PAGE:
"Once upon a time, the whole world was a garden. An old magician presided over this garden, tending to everything, keeping all trees trimmed and the waters flowing. A young man lived in this garden called, 'Autologos.' He played alone. In his play, he gave names to all things. The rose, for example, he called Beauty; the thistle he called Pain; and the violet Sadness. The things in this garden were so beautiful (to Autologos) that he assumed that the names he gave them stood for qualities of the things themselves, intrinsic to their natures, belonging to the 'essences' of the flowers and plants. One day, Autologos pricked himself with the thorn of a rose and decided to change her name from Beauty to Love. This was a fateful decision, for it led him to wonder why he had given these names to things and not others. As he reflected, he suddenly felt disenchanted with the garden, for what he had taken to be a world of absolute values, quite independent of himself, now seemed to collapse into purely subjective projections of his own concerns on to the plants and flowers. The next morning, after being burdened with these thoughts, he returned to his favorite entity in the world, the rose that he first called Beauty and then, Love. In the night, the magician had cut the rose and taken it away. Autologos now ceased to play, abandoning himself to his sorrow. He discovered a name for what he had never known until then -- Death."

I read about severe catatonia cases where patients were in a trance-like state. If you lifted their arms or sat them somewhere, they'd stay in that position indefinitely. It's almost as though everything became too much of an effort for Sheldon. No "rational" reason could be found by him to get up from the couch or walk into the bathroom. The telling of his story had exhausted Sheldon, as if he'd run a marathon. Maybe he did. I asked about his private life, but he said nothing.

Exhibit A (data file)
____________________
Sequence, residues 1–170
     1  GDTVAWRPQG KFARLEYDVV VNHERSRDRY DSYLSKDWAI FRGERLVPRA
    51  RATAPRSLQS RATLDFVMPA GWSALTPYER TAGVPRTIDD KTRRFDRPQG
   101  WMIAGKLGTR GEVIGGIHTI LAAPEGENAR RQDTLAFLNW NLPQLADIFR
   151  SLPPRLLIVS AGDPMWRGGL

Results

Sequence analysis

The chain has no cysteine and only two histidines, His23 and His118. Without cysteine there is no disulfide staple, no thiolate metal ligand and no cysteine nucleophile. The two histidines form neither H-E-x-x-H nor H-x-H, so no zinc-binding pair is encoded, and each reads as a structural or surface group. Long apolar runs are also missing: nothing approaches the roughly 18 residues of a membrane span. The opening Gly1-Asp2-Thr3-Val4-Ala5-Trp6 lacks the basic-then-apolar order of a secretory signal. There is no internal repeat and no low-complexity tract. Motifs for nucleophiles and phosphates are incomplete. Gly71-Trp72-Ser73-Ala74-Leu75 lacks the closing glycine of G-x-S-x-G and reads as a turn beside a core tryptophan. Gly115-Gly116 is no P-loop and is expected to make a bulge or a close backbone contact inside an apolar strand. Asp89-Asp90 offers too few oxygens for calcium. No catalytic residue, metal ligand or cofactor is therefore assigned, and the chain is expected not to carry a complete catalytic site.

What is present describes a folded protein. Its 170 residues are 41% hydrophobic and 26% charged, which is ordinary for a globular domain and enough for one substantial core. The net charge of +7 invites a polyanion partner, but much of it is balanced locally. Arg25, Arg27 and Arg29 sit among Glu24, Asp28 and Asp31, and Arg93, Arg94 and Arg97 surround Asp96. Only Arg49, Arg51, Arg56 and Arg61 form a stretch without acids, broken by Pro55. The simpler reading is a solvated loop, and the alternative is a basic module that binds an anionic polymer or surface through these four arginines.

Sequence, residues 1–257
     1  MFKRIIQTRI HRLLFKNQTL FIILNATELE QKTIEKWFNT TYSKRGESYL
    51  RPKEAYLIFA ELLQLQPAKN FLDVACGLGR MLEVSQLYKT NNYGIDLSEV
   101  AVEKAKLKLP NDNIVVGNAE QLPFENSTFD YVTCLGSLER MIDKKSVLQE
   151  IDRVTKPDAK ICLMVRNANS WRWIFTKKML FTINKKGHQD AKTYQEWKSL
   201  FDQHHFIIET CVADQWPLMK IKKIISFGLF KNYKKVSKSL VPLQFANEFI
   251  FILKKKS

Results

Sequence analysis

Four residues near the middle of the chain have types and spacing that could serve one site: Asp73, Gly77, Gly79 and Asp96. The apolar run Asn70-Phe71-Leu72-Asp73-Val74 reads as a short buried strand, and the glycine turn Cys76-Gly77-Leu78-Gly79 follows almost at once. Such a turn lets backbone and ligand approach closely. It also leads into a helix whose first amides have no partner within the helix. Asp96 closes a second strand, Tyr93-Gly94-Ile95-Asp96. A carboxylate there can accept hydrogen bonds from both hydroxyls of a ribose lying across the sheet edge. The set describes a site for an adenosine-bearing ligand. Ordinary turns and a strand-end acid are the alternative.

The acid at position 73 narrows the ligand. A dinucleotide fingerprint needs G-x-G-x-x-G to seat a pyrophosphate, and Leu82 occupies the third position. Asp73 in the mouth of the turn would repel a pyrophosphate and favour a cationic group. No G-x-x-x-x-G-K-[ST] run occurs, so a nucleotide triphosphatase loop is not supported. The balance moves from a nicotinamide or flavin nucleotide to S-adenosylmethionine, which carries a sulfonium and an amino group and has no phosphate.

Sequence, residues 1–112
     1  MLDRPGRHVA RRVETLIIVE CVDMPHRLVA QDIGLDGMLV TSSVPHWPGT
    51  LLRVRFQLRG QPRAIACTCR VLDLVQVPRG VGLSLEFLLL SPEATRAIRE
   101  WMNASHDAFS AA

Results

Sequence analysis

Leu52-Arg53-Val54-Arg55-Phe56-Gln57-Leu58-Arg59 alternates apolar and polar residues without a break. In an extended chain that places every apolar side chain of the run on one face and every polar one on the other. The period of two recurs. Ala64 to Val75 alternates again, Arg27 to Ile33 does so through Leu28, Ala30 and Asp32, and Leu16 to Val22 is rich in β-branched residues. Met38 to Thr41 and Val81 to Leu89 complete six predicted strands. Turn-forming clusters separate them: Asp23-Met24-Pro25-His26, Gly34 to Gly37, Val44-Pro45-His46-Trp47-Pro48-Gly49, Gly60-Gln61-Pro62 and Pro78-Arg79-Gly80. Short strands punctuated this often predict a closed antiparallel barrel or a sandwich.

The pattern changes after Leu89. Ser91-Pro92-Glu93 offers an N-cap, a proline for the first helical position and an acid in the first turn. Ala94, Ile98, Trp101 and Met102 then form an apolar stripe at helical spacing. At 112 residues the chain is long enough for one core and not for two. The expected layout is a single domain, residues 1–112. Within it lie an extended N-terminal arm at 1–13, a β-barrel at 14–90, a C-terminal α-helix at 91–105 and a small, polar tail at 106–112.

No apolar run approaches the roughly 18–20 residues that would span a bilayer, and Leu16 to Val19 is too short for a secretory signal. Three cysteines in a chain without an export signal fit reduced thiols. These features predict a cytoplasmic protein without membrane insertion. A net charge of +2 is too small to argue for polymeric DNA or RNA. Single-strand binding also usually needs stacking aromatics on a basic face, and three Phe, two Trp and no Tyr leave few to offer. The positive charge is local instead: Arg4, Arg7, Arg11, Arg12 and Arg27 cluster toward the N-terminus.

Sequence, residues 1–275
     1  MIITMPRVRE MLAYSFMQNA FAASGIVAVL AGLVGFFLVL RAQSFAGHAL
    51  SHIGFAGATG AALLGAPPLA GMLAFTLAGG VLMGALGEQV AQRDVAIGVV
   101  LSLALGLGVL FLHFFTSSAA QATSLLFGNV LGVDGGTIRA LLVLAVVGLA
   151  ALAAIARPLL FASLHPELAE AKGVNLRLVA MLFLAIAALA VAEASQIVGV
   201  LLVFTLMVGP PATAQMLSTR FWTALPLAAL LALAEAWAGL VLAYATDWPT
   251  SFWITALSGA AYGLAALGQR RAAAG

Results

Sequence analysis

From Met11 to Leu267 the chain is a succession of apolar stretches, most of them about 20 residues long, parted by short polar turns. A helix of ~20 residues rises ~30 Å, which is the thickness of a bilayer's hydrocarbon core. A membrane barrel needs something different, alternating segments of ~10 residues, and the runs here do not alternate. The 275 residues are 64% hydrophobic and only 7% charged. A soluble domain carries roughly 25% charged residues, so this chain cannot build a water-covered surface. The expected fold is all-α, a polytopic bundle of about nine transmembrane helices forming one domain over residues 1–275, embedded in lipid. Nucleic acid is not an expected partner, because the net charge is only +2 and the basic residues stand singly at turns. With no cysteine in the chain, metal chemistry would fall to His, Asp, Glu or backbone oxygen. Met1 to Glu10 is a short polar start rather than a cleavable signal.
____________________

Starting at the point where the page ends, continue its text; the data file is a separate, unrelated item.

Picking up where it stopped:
I found myself worrying more about him. I tried to find an address so I could contact his family. I never did. I later learned that several members of his family were well-educated, including a few professionals, graduates of good schools, who had also been worried about him without knowing where or how to reach him. Before the end of the summer, Sheldon disappeared. Police came by and asked about him. No one knew what had happened or how to find him.

Summer ended and I returned to school. The hectic life of a law student distracted me from thoughts of Sheldon. He wasn't in the Manhattan phone book. He never wrote. I had no contact information. It wasn't until a year later, as I was preparing for final exams, that a call from the New York police department disrupted my routine. Sheldon Grossbart had died on the street, apparently from natural causes. He had been homeless since our summer friendship. A "Detective Flores" asked to meet me for lunch, explaining that he had something to give me.

I took the Path train into the city from Newark -- it was still a dollar then -- and met Detective Flores for a late lunch at "La Caridad," at 78 and Broadway, which is a classic New York "Chino-Latino" restaurant for starving students and cops. It was all routine for Flores. He brought a manila envelope, explaining that it was found in a bag with the "deceased's worldy possessions" -- most police officers sound like their reports after a while -- and the envelope had my name written on it.

I volunteered everything I could about Sheldon and my summer residence in the city. I offered to type a statement. Flores explained that it was not necessary. Apparently, "the deceased" intended the items in the envelope for me. There were two books: Philip Roth's Goodbye Columbus and Noel O'Sullivan's short book George Santayana, with a single dog-eared and highlighted passage at page 27: " ... no new synthesis of experience is possible" -- no meaning -- "if the realist quest for the literal ... continues to discredit the central place of imagination, and the symbolic forms which express it, in human existence."